Saturday, April 22, 2006

Limited Omniscience

I think I've come up with a simpler way to characterize Chalmers' two-dimensionalism. A core idea is modal rationalism: the contents of possible worlds are a priori knowable (on ideal rational reflection). The only thing the ideal agent doesn't know a priori is which world is hers. Her only fundamental lack is this self-locating knowledge; from that, she could know all. (It's like a multiversal version of Lewis' Two Gods.)

The ideal agent can know all world-indexed qualitative facts, i.e. facts of the form "P is true at w", given in a semantically neutral "qualitative" language. That is, expressions must have identical primary and secondary intensions. Intuitively: descriptions good, rigid designators bad! The idea is to ensure that one can know the full meaning of the terms without needing to know which world is actual. Thus "watery stuff" is okay, but "water" is not. We can know that the former picks out both H2O and XYZ, without needing to know whether we live on Earth or Twin Earth. The term 'water', by contrast, requires this empirical knowledge in order to determine which of H2O or XYZ it rigidly designates.

Okay, so our semi-omniscient being knows pretty much everything except for what world she's in (and hence what rigid designators like 'water' refer to). And she knows all this a priori. So all a posteriori sentences must in some sense depend on one's location in modal space. They depend on which world is 'actual' (in the indexical sense, i.e. which world is ours).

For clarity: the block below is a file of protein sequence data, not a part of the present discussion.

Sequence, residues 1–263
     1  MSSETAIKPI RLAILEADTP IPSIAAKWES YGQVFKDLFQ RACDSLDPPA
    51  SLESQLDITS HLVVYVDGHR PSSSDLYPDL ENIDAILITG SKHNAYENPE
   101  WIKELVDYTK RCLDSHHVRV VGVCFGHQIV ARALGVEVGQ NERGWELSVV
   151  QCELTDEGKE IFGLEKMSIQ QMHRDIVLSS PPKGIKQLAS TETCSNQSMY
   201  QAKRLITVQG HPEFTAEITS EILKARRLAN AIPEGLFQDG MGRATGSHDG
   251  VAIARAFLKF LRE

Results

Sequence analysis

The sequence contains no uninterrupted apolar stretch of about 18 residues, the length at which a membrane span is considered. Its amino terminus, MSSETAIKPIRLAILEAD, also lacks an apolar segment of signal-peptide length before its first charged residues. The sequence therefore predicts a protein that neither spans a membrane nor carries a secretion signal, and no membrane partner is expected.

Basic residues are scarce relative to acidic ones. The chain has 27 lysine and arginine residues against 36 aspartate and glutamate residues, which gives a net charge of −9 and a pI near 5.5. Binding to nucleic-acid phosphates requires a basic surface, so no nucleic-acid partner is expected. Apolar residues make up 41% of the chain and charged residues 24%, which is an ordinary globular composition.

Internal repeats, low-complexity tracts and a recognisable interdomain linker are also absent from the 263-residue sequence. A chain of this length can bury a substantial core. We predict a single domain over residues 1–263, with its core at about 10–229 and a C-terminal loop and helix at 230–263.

We can now clearly see the problem diagnosed in my post Misusing Kripke; Misdescribing Worlds, i.e. why a posteriori necessities are generally uninteresting. Our ideal agent can see all the possible worlds, she knows just what they're like, in qualitative terms. So she knows what is "necessary" in any interesting sense. She just doesn't know how to describe it using rigidly designating terms. (You might think of her as a practising Descriptivist!)

Moreover, this ideal agent would surely know any ethical truths there are to know. (She doesn't need to know which world she's in for this. Her location is quite irrelevant to the question of whether some particular action was wrong.) And this conclusively refutes Synthetic Ethical Naturalism (or any other a posteriori meta-ethic).

1 comment:

  1. Update: I should clarify the "rigid designators bad!" remark. I had in mind the typical examples (e.g. natural kind terms, proper names), where the secondary intentions are rigid whereas the primary intensions are not. However, super-rigid terms are okay, i.e. where both primary and secondary intentions are rigid. E.g. numbers.


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